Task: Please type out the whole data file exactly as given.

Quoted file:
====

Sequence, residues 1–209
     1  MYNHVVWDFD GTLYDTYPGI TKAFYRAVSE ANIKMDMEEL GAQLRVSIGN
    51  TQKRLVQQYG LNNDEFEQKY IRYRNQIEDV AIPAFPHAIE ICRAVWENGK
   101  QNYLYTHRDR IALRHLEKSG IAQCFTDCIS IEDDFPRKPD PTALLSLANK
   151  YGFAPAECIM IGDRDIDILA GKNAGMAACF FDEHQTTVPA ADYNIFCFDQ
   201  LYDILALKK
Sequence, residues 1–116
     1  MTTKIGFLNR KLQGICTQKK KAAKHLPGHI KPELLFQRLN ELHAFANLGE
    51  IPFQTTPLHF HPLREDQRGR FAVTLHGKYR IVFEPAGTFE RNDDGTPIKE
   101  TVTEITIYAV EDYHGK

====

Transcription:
Sequence, residues 1–209
     1  MYNHVVWDFD GTLYDTYPGI TKAFYRAVSE ANIKMDMEEL GAQLRVSIGN
    51  TQKRLVQQYG LNNDEFEQKY IRYRNQIEDV AIPAFPHAIE ICRAVWENGK
   101  QNYLYTHRDR IALRHLEKSG IAQCFTDCIS IEDDFPRKPD PTALLSLANK
   151  YGFAPAECIM IGDRDIDILA GKNAGMAACF FDEHQTTVPA ADYNIFCFDQ
   201  LYDILALKK
Sequence, residues 1–116
     1  MTTKIGFLNR KLQGICTQKK KAAKHLPGHI KPELLFQRLN ELHAFANLGE
    51  IPFQTTPLHF HPLREDQRGR FAVTLHGKYR IVFEPAGTFE RNDDGTPIKE
   101  TVTEITIYAV EDYHGK